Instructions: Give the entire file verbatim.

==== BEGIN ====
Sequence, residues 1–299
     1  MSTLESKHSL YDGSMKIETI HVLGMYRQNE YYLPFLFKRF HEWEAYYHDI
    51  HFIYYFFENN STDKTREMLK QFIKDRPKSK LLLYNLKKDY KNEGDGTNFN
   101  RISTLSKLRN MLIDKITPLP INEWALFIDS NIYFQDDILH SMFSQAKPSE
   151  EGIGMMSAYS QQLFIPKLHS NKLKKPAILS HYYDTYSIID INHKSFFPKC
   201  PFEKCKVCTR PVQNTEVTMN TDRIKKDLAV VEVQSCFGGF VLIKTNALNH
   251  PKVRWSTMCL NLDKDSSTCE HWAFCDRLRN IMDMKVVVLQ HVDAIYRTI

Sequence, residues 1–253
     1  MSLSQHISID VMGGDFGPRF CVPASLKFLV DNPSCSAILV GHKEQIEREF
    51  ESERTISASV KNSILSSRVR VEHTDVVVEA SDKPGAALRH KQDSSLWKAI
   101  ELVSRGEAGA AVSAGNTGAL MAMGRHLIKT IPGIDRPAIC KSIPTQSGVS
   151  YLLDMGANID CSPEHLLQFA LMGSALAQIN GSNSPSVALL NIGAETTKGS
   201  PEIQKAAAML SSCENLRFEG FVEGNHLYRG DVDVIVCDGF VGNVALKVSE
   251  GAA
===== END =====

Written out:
Sequence, residues 1–299
     1  MSTLESKHSL YDGSMKIETI HVLGMYRQNE YYLPFLFKRF HEWEAYYHDI
    51  HFIYYFFENN STDKTREMLK QFIKDRPKSK LLLYNLKKDY KNEGDGTNFN
   101  RISTLSKLRN MLIDKITPLP INEWALFIDS NIYFQDDILH SMFSQAKPSE
   151  EGIGMMSAYS QQLFIPKLHS NKLKKPAILS HYYDTYSIID INHKSFFPKC
   201  PFEKCKVCTR PVQNTEVTMN TDRIKKDLAV VEVQSCFGGF VLIKTNALNH
   251  PKVRWSTMCL NLDKDSSTCE HWAFCDRLRN IMDMKVVVLQ HVDAIYRTI

Sequence, residues 1–253
     1  MSLSQHISID VMGGDFGPRF CVPASLKFLV DNPSCSAILV GHKEQIEREF
    51  ESERTISASV KNSILSSRVR VEHTDVVVEA SDKPGAALRH KQDSSLWKAI
   101  ELVSRGEAGA AVSAGNTGAL MAMGRHLIKT IPGIDRPAIC KSIPTQSGVS
   151  YLLDMGANID CSPEHLLQFA LMGSALAQIN GSNSPSVALL NIGAETTKGS
   201  PEIQKAAAML SSCENLRFEG FVEGNHLYRG DVDVIVCDGF VGNVALKVSE
   251  GAA